It’s been a particularly rich ‘bardic week’.Wednesday night my friend Ola and I performed our show ‘Tales of the Desert, Desire and the Red Thread’ at the Bristol Story Cafe, held above the funky wholefood shop, La Ruca, in Bristol. I started things off with a bit of Rumi, then my Garden of Irem story, finishing with Phaethon and the Chariot of the Sun’, a Greek myth which explains how the deserts of the world were created. Ola then stepped up to the plate to regale us with the tale of the Woman who gave birth to the Moon – a story from her collection, ‘The Firekeeper’s Daughter’. Mine were inspired by my novel, The Burning Path. Escaping Bristol, we wended our way back to the genteel suburbs of Bath.
On Thursday I caught up with my friend and co-writer, Terry James. We listened back to the recording of the Dymock Poets Story read-thru – a week on. It was magical, hearing our words brought alive by the ‘company’. Lots of exciting emails have been whizzing back and forth recently about famous directors and actors who might become involved. Can’t say any more than that at present!
Friday night I treated my partner to a mystery night out – taking her to see the master storyteller Abbi Patrix and his talented percussionist partner Linda Edsjö at the Playhouse in Cheltenham – part of the mega Litfest on at the moment. A small entourage of us went over from Stroud, in Fiona’s ‘bardmobile’ – following the moon along the scenic Birdlip route. While climbing to our seats in the stalls I commented to an elderly lady heading in the same direction: ‘This literature lark keeps you fit!’ She replied ‘Nothing can keep me fit!’ It was AS Byatt. We got chatting about her new book Ragnarok – which she was talking about the following day. She was a charming lady – unpretentious and approachable; as was her fellow Booker Prize winner, Ben Okri, who also happened to be sitting in the same row as AS, two rows down from us. Afterwards, enjoying a post-show drink and discussion in the bar, I bumped into him on the way out. We shook hands and had a brief discussion about the wonderful show, which I called ‘Shamanic’. ‘The perfect word for it,’ he said. He asked my name, and what I did. He had a lovely graceful presence. Meeting two writers I admire in one night – I went home happy!
The next day I popped into town and enjoyed the atmosphere of market day – bumping into friends old and new on the High Street – feeling I am lucky to live in such a lovely, friendly place with a vibrant, creative community, stunning countryside and great pubs! Later, I paid a visit to my local, the Crown and Sceptre, joining the Saturday afternoon crowd watching the match. I supped my Budding in its mug and perused the papers – it’s one of those pubs where you can have a quiet read in the corner and no-one thinks you’re an alien with two heads. Along with their weekly nights of ‘stitch ‘n’ bitch’; Up the Workers Wednesdays; bikers & poker night, they also have the occasional arts event – eg a film show with live soundtrack or the up-and-coming book launch. I talked to the landlord Rodda about holding one their for my imminent book, Turning the Wheel.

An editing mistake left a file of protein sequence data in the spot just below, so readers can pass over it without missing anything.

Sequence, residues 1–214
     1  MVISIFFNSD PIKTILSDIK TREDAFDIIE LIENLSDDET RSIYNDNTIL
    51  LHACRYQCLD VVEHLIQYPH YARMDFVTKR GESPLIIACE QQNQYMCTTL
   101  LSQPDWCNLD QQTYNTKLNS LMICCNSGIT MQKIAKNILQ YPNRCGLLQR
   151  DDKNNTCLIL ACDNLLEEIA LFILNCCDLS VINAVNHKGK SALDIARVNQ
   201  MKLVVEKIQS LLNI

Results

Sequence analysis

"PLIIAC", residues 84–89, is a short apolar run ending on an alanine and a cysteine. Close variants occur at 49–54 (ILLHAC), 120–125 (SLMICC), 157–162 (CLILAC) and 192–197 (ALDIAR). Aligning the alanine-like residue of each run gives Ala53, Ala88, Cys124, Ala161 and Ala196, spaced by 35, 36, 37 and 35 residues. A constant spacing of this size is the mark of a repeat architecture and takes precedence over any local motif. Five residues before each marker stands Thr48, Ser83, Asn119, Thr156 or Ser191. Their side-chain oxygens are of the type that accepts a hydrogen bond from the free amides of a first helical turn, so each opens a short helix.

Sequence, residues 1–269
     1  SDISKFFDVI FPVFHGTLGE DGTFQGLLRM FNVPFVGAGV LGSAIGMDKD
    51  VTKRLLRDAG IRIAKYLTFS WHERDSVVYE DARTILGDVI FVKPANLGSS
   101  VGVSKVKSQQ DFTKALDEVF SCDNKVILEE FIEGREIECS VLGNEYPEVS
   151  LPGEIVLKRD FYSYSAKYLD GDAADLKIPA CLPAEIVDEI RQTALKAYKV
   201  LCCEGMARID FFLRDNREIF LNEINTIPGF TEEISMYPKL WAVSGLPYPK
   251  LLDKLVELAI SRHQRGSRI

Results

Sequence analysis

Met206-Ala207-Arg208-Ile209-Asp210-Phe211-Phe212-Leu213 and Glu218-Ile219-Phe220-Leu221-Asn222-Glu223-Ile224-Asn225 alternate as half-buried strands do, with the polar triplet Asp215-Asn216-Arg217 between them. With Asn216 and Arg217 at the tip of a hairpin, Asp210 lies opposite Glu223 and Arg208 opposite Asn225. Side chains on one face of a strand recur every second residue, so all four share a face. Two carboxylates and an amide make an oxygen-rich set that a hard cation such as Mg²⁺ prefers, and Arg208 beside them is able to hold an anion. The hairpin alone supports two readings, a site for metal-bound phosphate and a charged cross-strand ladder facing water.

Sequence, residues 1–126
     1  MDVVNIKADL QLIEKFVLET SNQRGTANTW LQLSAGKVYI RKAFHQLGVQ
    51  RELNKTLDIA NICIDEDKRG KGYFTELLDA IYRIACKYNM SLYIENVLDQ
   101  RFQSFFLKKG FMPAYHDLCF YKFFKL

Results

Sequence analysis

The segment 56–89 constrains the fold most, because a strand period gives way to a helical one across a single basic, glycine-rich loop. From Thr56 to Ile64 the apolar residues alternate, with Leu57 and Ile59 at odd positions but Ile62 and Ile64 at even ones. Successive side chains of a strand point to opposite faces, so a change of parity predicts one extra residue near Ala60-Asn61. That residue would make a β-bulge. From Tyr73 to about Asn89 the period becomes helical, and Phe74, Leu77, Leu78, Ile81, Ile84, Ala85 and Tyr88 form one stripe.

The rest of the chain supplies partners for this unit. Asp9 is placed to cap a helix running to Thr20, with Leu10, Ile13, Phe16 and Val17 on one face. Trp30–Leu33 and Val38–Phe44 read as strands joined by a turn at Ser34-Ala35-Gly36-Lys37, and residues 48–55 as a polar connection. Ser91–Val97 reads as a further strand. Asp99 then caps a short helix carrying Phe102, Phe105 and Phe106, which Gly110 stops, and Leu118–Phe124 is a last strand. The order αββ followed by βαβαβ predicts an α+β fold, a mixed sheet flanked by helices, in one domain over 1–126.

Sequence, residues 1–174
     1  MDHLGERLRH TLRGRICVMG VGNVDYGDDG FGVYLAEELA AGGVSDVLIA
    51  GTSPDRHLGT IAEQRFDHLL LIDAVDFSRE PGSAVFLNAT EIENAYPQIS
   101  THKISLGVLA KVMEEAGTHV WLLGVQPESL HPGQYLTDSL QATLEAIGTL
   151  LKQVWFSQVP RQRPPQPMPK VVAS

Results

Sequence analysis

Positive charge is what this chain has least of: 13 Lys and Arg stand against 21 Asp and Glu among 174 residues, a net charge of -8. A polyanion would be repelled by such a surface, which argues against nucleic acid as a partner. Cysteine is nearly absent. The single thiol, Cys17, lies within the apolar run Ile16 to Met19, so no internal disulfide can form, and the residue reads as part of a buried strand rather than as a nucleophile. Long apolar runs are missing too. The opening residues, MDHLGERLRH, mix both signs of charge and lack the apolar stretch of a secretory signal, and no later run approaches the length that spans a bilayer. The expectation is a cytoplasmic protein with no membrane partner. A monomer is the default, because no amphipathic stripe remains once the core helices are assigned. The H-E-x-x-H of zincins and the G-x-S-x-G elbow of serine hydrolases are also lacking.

That evening I went to the Lorca in England finale at Whiteway Colony Hall – which had links with the Spanish poet and his Civil War comrades in the Thirties. It took some finding along the dark backroads – the weird no man’s land that is the ‘Cheltenham triangle’. Eventually we pulled into the carpark in time to hear the jazz – Lorca’s poems set to music, against the backdrop of an impressionistic ‘Lorca-mentary’ made by a local film-maker. In the summer, a competition for the best Lorca poem in translation was held. Tonight the shortlisted poems were read out – by the entrants who could attend (one had come from Paris), or by local Rimbaud, Jeff Cloves, and the judges – two American poets, flown over especially for the event. The suitably international winner was announced (an Italian living in France). Another well known local poet, Philip Rush MCed the whole event in a witty and informative way – a cool school-teacher daddy-o. The rioja flowed as we hobnobbed with the crowd of poetry-lovers afterwards. It’s not often one goes to a bilingual poetry reading – and has a good night. The whole thing wasn’t so ‘worthy’ as to be dull – it had a slightly anarchic air to it. The archive footage of the Wall Street Crash and soup kitchen queues, the spectre of Fascism and the fopdoodle of the media made the whole thing eerily resonant. One could imagine Lorca being at home with the protesters around the world who took part in a global anti-austerity/corporate greed demos today. Power to the People!
And today – Sunday – there is the Stroud Short Story night at the SVA. Words galore! What a place to live!